Your argument should apply equally well to naming and the library code, and the language itself - but you can't possibly mean that we should localize the library naming and the language keywords. Here's an example of what can happen then :-) !

     

    tomhet sammanhang_IdentifieraBegäran(objekt avsändare, HändelseArgument h)

    {

       HttpBegäran begäran = HttpBegäran.Nuvarande.Begäran;

       IHuvudman användare = HttpBegäran.Nuvarande.Begäran;

       om (användare == inget)

       {

           återvänd;

       }

      // Här avslutar vi övningen...

    }

     

    I think you'll recognize, just barely, the beginning of an event handler in a HttpModule.

     

    I'm sorry - the developer will have to know enough english to use the language reserved words and the framwork library - which actually is a pretty huge vocabulary, especially when namespaces, classes, methods, properties and parameters are so verbosely defined.

     

    We're living in a globalized world, where people, money, things and code travel the globe. Few, if any, companies will never have a situation where they'd like their code, or their codes' internal error messages, to be legible for non-native speakers. And then the best we have is english.

     

    The localization of exception texts is a mistake. Were it not - you'd have to argue for code as above.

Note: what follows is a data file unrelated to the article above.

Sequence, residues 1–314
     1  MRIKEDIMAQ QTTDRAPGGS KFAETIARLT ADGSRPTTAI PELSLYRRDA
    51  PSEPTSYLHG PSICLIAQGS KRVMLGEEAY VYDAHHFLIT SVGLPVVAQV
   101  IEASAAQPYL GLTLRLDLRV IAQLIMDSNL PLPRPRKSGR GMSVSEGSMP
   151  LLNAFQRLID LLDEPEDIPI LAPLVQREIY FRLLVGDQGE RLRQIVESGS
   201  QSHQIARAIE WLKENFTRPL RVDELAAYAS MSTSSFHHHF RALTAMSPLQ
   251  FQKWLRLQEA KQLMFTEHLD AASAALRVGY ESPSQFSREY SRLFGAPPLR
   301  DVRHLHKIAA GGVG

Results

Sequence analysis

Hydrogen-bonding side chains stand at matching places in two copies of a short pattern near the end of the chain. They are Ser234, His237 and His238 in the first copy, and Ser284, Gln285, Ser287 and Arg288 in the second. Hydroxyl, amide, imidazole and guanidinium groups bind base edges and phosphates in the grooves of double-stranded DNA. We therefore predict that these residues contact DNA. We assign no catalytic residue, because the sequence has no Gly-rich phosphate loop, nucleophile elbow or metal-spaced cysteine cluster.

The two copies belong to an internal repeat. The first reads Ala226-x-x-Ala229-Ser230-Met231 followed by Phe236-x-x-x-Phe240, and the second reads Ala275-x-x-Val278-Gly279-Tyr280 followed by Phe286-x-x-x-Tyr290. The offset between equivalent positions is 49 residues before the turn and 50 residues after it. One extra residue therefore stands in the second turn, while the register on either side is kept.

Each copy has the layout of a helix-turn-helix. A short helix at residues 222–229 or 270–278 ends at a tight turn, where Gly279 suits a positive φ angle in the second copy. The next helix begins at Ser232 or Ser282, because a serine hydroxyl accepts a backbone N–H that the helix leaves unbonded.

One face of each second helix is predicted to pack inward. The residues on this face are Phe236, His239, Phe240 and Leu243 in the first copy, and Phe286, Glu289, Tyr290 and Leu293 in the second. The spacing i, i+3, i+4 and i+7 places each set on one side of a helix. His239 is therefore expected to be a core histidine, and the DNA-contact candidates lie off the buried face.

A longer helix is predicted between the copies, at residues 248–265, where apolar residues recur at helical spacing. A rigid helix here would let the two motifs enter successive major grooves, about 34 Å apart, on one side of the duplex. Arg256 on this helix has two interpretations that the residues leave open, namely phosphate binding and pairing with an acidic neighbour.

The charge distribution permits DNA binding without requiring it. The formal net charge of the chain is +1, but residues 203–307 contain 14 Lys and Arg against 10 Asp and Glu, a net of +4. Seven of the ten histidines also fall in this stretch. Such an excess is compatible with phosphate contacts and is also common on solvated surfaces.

The scary thing is that VBA actually _is_ localized to the above extent, causing no end of grief on local markets...

     

    Svante

    Wednesday, September 12, 2007 8:51 PM
  •  Nicole Calinoiu wrote:

    What do you mean by "bilingual" in this context?  Localization of logged messages at read-time rather than write-time or merely a configurable choice of exception message localization at run-time?  I've done both, but demand for the former is quite rare, so most of my experience is with the latter.  What I have almost never seen is a client that is happy with exception messages being produced for administrator consumption in the language of choice of the end-user.

    I have customers that I need to support that requested messages retrieved at run-time contain message text in both "official" languages at the same time.  Which is in addition to customers who what messages in just French, and customers that want messages in just English.  The framework leaves a big hole in this case.  I can't use "Default" to denote bilingual because of it's explicit fall-back usage and I can't use "Invariant" for bilingual because of the side effect of that specific culture on parsing and formatting.

     

    Ideally, culture-pair support in the framework could solve this issue; but I don't see that happening.  In the meantime I need to support bilingual in other ways.  At this point, bilingual is French/English and English/French; but I wouldn't be surprised if other cultures require bilingual localization that doesn't involve both English or French.  I haven't researched the idea of creating a brand-new culture; but that' seems like a huge PITA with regard to deployment.